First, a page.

Or, as the researchers themselves report:
In our case, the arithmetic mean performs poorly, as we have validated by comparing its distance to the truth with the individual distances to the truth. In only 21.3% of the cases is the arithmetic mean closer to the truth than the individual first estimates.
So, far from providing evidence that supports the existence of the wisdom-of-crowds effect, the study actually suggests that the effect may not be real at all, or at least may be a much rarer phenomenon than we assume.
But since this is statistics, that’s by no means (no pun intended) the end of the story. As the researchers go on to explain, it’s quite natural for a crowd’s average answer, calculated as the mean, to be way too high – and hence ridiculously unwise. That’s because, while individuals’ underestimates for these kinds of questions are bounded at zero, there’s no upper bound to their overestimates. “In other words,” as the researchers write, “a minority of estimates are scattered in a fat right tail,” which ends up skewing the mean far beyond any semblance of “wisdom.”
Fortunately (or not), the arcane art of statistics allows you to correct for the crowd’s errors. By massaging the results – “tuning” them, as the researchers put it – you can effectively weed out the overestimates and (presto-chango) manufacture a wisdom-of-crowds effect. In this case, the researchers performed this magic by calculating the “geometric mean” of the group’s answers rather than the simple “arithmetic mean”:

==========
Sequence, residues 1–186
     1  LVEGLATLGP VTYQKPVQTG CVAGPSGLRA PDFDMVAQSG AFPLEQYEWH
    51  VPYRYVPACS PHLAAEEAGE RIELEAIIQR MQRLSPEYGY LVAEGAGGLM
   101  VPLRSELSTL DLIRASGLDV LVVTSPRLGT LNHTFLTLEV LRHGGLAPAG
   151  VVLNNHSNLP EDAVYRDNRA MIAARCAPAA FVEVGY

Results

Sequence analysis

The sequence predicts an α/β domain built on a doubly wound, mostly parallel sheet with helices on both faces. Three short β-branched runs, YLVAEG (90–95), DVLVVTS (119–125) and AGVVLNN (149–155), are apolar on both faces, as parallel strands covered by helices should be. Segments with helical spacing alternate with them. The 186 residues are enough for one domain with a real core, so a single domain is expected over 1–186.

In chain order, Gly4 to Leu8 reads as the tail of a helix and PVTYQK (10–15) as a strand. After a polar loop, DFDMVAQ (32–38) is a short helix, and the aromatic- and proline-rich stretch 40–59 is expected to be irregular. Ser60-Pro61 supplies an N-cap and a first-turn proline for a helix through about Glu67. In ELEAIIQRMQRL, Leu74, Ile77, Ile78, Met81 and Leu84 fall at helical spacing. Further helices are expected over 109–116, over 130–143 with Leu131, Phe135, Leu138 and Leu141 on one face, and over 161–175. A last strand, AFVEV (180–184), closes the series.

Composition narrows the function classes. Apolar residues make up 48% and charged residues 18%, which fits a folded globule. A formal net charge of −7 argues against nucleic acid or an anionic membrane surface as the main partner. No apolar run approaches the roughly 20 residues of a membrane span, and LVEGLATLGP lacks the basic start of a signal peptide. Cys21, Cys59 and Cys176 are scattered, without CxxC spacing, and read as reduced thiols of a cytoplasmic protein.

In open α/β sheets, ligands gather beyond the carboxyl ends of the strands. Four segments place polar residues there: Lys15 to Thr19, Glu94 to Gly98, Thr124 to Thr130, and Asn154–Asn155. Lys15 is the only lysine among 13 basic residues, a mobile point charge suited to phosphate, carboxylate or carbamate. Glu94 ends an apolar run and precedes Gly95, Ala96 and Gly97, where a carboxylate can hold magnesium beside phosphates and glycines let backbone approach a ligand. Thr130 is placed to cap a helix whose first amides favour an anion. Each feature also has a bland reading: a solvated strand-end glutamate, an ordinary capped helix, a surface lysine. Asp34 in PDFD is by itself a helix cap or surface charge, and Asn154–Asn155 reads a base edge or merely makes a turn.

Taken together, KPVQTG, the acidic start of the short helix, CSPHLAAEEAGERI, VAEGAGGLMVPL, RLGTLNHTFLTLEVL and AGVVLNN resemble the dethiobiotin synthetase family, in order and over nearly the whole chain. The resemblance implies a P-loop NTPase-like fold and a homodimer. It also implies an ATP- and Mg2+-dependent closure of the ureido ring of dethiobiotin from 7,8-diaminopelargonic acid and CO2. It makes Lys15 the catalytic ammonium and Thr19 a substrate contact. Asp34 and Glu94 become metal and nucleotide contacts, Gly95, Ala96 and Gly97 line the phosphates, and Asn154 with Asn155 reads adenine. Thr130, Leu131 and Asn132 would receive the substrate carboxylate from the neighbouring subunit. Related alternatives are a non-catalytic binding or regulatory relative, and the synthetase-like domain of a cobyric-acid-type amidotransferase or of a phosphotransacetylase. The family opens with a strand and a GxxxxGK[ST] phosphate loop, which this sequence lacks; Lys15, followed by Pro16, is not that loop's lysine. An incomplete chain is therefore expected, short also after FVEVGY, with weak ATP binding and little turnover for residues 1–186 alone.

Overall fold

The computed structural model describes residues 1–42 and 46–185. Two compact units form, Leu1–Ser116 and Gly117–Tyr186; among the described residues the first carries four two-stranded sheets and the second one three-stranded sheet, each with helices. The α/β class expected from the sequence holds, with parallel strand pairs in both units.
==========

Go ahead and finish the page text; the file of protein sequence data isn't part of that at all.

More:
As a large number of our subjects had problems choosing the right order of magnitude of their responses, they faced a problem of logarithmic nature. When using logarithms of estimates, the arithmetic mean is closer to the logarithm of the truth than the individuals’ estimates in 77.1% of the cases. This confirms that the geometric mean (i.e., exponential of the mean of the logarithmized data) is an accurate measure of the wisdom of crowds for our data.
Well, it further turns out that the median answer – the centermost individual answer – in a big set of answers often replicates, roughly, the geometric mean. Again, that’s no big surprise. The median, like the geometric mean, serves to neutralize wildly wrong guesses. It hides the magnitude of people’s errors. The researchers point this fact out in their paper, but Freed, having criticizing Lehrer for a sloppy reading of the study, seems to have overlooked that point. Which earns Freed a righteous tongue-lashing from another blogger, the physics professor Chad Orzel: